THE HEAD OF the Royal Malaysian Air Force (RMAF) has admitted that new British Aerospace Hawk 100 and 200s have been suffering serious serviceability problems (Flight International, 29 November-5 December).

"We did not realise the magnitude of the problem," says Lt Gen Dato' Seri Abdul Ghani, chief of the RMAF. "The two-seat Hawk 100 and the 200 are basically new aircraft and very different to the Hawks of the Royal Air Force," he adds.

Charles Masefield, head of defence exports at the UK Ministry of Defence, says that the problems with the Hawks centred on the advanced avionics systems and the tropical climate in which the aircraft are operated. He claims that these were "...teething problems that have been overcome".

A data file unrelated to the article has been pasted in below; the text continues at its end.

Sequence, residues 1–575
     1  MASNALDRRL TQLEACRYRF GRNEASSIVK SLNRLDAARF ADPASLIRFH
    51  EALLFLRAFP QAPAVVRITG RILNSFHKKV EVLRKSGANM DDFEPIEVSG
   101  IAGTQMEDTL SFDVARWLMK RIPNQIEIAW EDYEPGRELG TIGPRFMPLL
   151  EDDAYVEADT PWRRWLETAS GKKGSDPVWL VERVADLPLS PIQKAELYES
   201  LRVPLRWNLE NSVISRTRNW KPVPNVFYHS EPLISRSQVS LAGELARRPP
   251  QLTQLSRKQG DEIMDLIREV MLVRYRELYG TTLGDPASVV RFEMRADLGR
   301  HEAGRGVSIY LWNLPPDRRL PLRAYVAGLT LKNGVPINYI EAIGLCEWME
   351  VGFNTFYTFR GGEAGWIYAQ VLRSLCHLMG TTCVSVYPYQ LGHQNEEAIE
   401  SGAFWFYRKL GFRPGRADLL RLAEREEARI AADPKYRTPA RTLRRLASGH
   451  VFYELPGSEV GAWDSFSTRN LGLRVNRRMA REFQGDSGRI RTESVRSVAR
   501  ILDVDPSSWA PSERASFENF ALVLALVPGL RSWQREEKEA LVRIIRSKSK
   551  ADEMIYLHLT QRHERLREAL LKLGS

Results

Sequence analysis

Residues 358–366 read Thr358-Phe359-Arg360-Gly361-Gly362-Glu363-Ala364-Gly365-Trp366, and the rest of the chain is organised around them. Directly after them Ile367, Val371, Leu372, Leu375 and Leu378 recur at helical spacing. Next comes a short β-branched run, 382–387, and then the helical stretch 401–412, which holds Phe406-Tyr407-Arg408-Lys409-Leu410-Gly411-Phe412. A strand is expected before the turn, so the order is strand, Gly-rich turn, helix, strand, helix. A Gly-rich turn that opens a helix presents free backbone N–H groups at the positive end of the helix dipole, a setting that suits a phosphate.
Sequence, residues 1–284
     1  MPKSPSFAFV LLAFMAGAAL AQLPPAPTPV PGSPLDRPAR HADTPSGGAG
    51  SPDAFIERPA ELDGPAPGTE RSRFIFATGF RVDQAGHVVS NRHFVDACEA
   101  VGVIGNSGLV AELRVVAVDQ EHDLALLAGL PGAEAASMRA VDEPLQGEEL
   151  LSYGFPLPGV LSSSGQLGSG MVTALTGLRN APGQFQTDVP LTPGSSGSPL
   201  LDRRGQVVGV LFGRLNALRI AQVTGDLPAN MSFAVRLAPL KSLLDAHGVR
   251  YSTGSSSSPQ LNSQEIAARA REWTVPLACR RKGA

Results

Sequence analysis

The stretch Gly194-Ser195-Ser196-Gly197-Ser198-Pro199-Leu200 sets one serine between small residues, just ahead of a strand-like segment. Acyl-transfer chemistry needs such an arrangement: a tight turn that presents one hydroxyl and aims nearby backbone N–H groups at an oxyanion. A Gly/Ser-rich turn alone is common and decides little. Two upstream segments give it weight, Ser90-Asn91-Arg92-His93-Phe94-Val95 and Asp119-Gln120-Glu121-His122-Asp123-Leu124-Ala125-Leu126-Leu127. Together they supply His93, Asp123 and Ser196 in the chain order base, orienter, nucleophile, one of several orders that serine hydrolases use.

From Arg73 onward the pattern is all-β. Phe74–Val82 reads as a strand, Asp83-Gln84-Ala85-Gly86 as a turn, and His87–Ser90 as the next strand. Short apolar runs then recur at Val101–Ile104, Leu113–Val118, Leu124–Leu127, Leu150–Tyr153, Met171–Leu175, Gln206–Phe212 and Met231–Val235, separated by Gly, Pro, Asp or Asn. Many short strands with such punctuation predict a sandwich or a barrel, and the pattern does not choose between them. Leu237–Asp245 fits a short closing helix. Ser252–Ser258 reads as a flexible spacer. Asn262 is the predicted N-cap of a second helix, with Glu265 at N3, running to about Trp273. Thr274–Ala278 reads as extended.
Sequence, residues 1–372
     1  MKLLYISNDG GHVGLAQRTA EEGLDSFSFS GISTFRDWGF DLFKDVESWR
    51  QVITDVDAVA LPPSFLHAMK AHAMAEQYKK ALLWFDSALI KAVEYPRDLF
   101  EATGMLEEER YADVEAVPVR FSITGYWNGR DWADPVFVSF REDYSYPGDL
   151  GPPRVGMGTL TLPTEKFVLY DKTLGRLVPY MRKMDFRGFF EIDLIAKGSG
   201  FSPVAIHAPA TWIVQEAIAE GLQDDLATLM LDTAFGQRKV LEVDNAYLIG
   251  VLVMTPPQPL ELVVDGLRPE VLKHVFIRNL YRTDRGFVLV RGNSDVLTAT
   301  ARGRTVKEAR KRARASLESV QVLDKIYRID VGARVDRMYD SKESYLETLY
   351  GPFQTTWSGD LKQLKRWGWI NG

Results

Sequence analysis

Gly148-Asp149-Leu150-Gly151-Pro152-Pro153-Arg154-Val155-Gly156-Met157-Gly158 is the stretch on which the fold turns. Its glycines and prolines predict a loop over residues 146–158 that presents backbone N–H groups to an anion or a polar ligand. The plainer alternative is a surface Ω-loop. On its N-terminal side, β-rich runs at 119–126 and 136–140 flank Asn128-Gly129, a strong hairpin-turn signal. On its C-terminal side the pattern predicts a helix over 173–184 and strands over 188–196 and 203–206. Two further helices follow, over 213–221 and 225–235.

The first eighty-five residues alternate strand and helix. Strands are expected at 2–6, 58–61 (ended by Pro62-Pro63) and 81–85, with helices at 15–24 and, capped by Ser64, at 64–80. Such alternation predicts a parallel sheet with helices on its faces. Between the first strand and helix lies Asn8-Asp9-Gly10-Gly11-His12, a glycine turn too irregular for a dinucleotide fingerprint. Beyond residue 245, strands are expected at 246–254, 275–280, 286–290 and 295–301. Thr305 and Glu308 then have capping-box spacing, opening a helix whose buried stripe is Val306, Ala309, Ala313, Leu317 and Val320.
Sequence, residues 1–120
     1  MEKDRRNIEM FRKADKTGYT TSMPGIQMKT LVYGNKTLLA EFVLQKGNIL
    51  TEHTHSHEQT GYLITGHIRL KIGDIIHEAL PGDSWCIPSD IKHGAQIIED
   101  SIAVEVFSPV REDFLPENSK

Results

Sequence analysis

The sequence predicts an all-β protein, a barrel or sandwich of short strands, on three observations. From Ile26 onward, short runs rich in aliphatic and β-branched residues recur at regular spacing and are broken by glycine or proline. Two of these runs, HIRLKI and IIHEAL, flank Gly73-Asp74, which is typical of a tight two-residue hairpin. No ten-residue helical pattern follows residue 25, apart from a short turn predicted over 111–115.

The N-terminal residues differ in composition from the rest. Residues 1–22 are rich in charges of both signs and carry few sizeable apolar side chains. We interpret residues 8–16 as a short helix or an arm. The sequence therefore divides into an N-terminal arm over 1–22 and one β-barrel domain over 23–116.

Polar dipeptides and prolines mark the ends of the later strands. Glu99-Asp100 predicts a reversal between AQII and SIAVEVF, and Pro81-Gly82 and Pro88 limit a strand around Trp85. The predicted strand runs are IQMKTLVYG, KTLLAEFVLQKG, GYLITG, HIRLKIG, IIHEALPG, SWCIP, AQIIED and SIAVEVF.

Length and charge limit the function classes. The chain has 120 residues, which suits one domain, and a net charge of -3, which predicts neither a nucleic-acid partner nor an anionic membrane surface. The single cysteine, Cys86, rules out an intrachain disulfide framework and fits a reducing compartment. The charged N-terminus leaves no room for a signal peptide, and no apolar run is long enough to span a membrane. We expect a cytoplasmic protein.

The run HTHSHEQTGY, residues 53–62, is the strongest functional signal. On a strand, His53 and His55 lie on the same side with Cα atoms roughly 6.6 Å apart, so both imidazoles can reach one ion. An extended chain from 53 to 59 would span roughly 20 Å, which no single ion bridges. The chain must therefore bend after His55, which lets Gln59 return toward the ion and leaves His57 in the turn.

Ghani was addressing the Lima '95 Aerospace Conference at Langkawi, where he called for the integration of Malaysia's civil and military radar networks and the devolvement to civil organisations of such tasks as maintenance of aircraft and radar systems.

Ghani admits that the RMAF is losing the battle for skilled manpower to Malaysia's expanding technology industries. "We are 30% down on manpower," he says, but adds that the RMAF can still maintain front-line capability. He says that the Mikoyan MiG-29s which, recently entered service are performing well, and that 14 or 15 of the 18 aircraft are combat ready.

Kuala Lumpur-based Airod is the obvious candidate for the increased civil participation in the RMAF maintenance task by private industry, being part of the Malaysia Helicopter Systems/ Malaysia Airline System (MAS) and having numbered the RMAF and Indonesian air force as principal customers.

MAS, is starting to integrate complementary maintenance skills, with those of Airod. Ghani says that pilot training will not form part of the RMAF tasks to be handed over to civil agencies.

Source: Flight International